Hi Asha… The thing is we don’t HAVE to explain anything when we’re in clubs in London. If you’re into the music you know the dances, and you know Caribbean food. In fact my white flat mate does an amazing stew-chicken.

    Plus — I didn’t use the word coloured in my post. And I used the term Oriental as in the UK, the term Asian is someone who is from Pakistani/Indian descent. I know it has a different meaning in the US, and I didn’t want any confusion.

  • KM

    Miss London…You offered some interesting thoughts and interesting they were based on your perception of what race is in America. Black people in Europe arrived there mostly out of choice. Consider that the majority of black people in America can trace their roots to slavery. Slavery in America and the reminence of the well organized “institution” has crippled the Black community. Even as recently as my sixth grade experience (I am 28), all of the black children were put at the back of the class. My father was the first black person ALLOWED to attend a private school in North Carolina as a part of an integration program. My grandfather was not allowed to vote for part of his life and was beaten and spit on by white people. I could continue on with the list of experiences that are just within my family or expand to others but the post would be too long. Consider that the comments that your cousins made may have been crude, they don’t come from a place of hatred. WE ARE STILL MAD! Do you know that the federal govt of the USA has made public apologies to the Japanese, the Native Americans, etc, but never even acknowleged the horrors of slavery? I ask you to read a book called “The Diary of A Slave Girl”. It will give you some real perspective to where the Black experience in America started. Having said all of that, I as a Black person have traveled many times to Europe and note the stark differences as to how races interact. It is a site to see. I do wish that things could be that way but we have some more healing to do across the big pond.

  • hi miss london. you just restated my point re: homogeneity. if you’re into the music or the culture, then you won’t be viewed by most as an interloper. unfortunately, for as many people there that are actually into the music/culture, there are just as many poseurs. and since people from the world over come to ny to make it big, there are seems to be a constant influx of wanna-bes. yes, that soudns elitist but it is what it is. i can’t speak for other parts of the country but poseurs of any kinds are not accepted in nyc (maybe hollywood. in fact, they have clubs especially for them, lol). but again, it’s not just race but that’s the most obvious thing to point out at a predominantly black gathering.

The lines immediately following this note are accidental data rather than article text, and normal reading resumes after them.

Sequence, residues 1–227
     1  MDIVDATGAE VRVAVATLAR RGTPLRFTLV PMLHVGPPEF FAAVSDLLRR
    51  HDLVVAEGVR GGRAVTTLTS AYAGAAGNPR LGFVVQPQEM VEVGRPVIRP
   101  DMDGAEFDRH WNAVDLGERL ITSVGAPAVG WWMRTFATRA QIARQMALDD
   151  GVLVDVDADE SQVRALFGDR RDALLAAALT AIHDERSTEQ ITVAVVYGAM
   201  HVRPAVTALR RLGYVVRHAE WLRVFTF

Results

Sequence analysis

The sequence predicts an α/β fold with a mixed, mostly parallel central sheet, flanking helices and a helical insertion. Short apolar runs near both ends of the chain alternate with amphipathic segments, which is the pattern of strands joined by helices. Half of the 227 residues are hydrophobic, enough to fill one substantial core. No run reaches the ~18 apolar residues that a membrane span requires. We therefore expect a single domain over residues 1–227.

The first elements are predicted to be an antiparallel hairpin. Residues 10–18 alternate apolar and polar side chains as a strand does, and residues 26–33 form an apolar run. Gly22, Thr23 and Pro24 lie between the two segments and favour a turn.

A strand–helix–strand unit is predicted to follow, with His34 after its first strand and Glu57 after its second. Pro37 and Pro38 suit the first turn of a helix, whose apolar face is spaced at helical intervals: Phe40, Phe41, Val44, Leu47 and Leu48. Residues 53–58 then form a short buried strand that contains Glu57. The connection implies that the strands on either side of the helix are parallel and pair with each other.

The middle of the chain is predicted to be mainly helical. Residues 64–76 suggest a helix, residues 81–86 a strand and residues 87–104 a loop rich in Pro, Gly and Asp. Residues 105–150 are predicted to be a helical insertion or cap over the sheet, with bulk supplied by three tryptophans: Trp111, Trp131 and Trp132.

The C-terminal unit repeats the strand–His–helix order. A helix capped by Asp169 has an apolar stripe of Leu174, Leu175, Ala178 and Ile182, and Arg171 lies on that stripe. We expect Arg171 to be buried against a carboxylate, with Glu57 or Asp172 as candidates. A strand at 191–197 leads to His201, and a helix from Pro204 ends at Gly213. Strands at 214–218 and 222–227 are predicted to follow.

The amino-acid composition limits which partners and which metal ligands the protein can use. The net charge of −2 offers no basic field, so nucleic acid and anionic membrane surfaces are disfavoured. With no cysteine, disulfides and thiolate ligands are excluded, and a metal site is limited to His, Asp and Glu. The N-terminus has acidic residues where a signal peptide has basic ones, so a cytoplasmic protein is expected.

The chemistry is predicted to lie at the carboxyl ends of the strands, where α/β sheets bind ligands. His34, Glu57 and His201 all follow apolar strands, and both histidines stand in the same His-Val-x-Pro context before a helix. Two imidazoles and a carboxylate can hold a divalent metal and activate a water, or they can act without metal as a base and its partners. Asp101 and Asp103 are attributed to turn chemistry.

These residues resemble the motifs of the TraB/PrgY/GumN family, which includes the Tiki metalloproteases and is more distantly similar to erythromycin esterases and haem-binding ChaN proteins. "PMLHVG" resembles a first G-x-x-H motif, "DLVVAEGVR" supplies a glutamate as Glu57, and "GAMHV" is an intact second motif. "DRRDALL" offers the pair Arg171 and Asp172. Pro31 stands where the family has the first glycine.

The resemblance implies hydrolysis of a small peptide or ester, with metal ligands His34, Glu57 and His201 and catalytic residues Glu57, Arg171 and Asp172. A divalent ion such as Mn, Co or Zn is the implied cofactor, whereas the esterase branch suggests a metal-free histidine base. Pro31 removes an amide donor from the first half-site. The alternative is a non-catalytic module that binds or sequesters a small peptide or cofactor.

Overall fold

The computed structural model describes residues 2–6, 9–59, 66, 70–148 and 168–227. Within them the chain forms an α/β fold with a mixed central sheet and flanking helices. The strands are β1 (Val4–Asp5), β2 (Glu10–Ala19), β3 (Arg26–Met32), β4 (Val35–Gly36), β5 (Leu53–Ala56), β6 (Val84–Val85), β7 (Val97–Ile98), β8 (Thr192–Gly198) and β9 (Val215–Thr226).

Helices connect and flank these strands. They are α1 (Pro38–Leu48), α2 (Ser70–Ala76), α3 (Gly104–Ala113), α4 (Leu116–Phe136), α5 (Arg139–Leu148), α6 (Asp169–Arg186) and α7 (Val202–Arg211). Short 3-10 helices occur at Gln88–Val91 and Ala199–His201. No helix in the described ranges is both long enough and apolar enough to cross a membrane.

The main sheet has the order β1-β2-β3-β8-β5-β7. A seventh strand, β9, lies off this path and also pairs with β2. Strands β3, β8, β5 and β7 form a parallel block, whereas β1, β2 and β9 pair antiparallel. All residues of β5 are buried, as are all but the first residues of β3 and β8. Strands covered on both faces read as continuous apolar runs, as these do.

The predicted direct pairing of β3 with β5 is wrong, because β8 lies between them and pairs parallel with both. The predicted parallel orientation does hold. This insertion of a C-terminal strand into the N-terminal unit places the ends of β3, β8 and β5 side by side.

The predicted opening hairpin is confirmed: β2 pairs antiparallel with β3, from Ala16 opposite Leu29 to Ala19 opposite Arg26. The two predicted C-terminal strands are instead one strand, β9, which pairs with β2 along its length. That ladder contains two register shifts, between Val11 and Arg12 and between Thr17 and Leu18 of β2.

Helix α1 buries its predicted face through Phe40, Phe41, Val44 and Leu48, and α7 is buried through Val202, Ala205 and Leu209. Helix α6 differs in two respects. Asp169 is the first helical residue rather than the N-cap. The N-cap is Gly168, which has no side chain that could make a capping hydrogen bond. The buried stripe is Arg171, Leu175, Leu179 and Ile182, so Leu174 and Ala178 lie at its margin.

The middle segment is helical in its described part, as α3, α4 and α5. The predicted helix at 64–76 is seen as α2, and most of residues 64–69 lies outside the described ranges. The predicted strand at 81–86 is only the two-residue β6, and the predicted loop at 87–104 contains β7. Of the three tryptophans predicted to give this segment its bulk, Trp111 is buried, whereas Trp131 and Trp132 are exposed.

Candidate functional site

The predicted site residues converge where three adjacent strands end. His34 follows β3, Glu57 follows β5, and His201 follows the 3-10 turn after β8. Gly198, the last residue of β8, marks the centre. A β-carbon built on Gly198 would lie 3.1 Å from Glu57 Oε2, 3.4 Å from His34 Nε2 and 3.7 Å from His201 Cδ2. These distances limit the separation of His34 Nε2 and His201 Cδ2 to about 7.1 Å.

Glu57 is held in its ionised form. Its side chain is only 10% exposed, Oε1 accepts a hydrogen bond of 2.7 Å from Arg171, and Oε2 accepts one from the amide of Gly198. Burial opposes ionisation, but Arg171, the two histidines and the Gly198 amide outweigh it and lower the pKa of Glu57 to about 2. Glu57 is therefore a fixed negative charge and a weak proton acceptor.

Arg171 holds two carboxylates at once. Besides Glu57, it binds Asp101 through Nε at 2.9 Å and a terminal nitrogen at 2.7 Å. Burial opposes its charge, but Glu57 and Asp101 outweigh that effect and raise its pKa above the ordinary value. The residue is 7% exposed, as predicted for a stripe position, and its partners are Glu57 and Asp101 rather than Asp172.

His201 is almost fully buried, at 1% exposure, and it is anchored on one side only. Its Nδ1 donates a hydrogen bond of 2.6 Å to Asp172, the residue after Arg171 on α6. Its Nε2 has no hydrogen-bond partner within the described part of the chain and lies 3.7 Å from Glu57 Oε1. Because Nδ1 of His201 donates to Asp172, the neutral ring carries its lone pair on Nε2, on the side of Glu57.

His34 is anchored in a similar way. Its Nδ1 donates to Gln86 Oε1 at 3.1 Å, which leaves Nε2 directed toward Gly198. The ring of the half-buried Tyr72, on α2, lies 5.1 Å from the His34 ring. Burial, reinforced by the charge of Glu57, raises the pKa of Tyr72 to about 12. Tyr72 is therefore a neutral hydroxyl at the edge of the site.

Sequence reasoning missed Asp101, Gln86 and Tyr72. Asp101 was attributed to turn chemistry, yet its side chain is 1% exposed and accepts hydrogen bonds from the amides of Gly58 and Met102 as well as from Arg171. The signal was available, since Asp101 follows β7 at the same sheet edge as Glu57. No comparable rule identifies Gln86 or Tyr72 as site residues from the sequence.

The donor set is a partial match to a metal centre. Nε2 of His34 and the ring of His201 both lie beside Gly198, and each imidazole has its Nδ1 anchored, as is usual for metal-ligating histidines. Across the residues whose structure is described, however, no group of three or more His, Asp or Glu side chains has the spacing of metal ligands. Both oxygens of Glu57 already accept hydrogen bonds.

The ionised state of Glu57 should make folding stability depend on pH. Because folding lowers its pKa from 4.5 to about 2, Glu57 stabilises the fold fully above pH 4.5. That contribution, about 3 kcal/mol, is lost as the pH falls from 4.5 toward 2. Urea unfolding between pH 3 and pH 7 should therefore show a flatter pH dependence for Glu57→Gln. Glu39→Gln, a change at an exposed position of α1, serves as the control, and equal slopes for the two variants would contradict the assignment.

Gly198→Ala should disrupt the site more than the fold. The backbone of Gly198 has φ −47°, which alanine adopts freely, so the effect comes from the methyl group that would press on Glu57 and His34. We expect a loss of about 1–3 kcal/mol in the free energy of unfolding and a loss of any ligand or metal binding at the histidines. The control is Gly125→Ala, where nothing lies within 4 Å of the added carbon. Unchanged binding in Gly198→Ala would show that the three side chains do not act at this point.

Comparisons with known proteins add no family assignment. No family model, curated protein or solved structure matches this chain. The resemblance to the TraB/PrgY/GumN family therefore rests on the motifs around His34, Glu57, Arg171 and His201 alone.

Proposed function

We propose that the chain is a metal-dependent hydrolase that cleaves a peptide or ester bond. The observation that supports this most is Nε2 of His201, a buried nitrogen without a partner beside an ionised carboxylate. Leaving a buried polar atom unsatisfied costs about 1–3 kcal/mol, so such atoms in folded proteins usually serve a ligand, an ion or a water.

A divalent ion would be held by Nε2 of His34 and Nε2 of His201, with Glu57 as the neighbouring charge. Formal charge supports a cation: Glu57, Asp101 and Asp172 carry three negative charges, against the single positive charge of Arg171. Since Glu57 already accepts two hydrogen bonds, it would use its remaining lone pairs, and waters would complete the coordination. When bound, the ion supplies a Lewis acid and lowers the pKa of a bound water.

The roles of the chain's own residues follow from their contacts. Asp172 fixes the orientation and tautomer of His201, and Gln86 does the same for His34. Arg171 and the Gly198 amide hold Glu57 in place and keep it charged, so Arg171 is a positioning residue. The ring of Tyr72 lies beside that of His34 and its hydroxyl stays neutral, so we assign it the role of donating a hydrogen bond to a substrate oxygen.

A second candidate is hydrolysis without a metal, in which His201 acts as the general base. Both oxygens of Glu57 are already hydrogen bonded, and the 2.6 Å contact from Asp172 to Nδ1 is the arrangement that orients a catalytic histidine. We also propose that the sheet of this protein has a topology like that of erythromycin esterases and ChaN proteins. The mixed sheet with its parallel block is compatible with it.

• jay

    Miss London,

    The reasons why you don’t see blacks issuing blanket invitation to white folks to come hang out with us are manifold. They are

    Poseurs (as pointed out earlier), Cultural Tourists and Narcs aka people who think they are going to the zoo to see blacks in their native habitats. They are never welcome. Ever.

    Redlining and Segregation. The big difference between London and large US cities with sizable black populations is that London still has a sizable white, urban working/middle class that has been forced to live side by side with people of other ethnicities, absent the kind of bloody violence that marked early contact between blacks and whites in America. In America, blacks were corralled into ghettoes by racist planners and whites could afford to (meaning all middle class whites) stayed, far, far away. Gentrifying a neighborhood in your 20s doesn’t mean you are automatically a welcome friend of the black community.

    Other reasons we don’t always wanna club with white folks: Having to watch awful dancing = pain. Fratboys= mucho violencia y vomito’. Slavery and Jim Crow absent any apology or reparations = bad taste in ones mouth.

  • Rob

    I know this article is a little old, but i just stumbled upon it because I’m thinking of going to London for vacation. I LOVE night life and London seems to have it, but i will be clubbing mostly in the gay area. I’m from Chicago where “boystown” (the gay area) is large and busy, but going there is like going to a Klan rally. The race issues of gay white people is incredible.
    I was searching for an article or something to see if London was the same or if it was like the other parts of Europe i have been to and everyone is pretty much cool (based on race alone).

    I would LOVE to hang out in London this summer, but only of the gay white guys (I am black) aren’t as racially fucked up as they are in Chicago. If they are the same as in Chicago, I’ll just go back to Germany.